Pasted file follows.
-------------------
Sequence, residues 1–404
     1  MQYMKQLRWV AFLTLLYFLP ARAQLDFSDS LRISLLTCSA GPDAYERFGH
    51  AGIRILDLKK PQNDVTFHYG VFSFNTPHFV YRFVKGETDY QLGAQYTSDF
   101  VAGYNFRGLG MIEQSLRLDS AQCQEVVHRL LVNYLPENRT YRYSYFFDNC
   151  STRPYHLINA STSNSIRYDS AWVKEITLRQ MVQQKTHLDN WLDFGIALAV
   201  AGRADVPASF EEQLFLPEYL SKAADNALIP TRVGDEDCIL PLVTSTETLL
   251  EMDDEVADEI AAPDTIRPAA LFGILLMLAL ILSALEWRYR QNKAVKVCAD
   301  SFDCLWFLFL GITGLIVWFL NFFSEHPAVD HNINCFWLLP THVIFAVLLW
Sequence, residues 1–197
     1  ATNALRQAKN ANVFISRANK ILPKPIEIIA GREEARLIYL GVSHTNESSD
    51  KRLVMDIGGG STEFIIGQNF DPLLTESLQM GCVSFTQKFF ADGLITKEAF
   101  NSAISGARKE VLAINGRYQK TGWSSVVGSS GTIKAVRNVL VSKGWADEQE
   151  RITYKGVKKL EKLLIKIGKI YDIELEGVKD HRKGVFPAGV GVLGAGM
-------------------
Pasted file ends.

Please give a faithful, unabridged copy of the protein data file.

Sequence, residues 1–404
     1  MQYMKQLRWV AFLTLLYFLP ARAQLDFSDS LRISLLTCSA GPDAYERFGH
    51  AGIRILDLKK PQNDVTFHYG VFSFNTPHFV YRFVKGETDY QLGAQYTSDF
   101  VAGYNFRGLG MIEQSLRLDS AQCQEVVHRL LVNYLPENRT YRYSYFFDNC
   151  STRPYHLINA STSNSIRYDS AWVKEITLRQ MVQQKTHLDN WLDFGIALAV
   201  AGRADVPASF EEQLFLPEYL SKAADNALIP TRVGDEDCIL PLVTSTETLL
   251  EMDDEVADEI AAPDTIRPAA LFGILLMLAL ILSALEWRYR QNKAVKVCAD
   301  SFDCLWFLFL GITGLIVWFL NFFSEHPAVD HNINCFWLLP THVIFAVLLW
Sequence, residues 1–197
     1  ATNALRQAKN ANVFISRANK ILPKPIEIIA GREEARLIYL GVSHTNESSD
    51  KRLVMDIGGG STEFIIGQNF DPLLTESLQM GCVSFTQKFF ADGLITKEAF
   101  NSAISGARKE VLAINGRYQK TGWSSVVGSS GTIKAVRNVL VSKGWADEQE
   151  RITYKGVKKL EKLLIKIGKI YDIELEGVKD HRKGVFPAGV GVLGAGM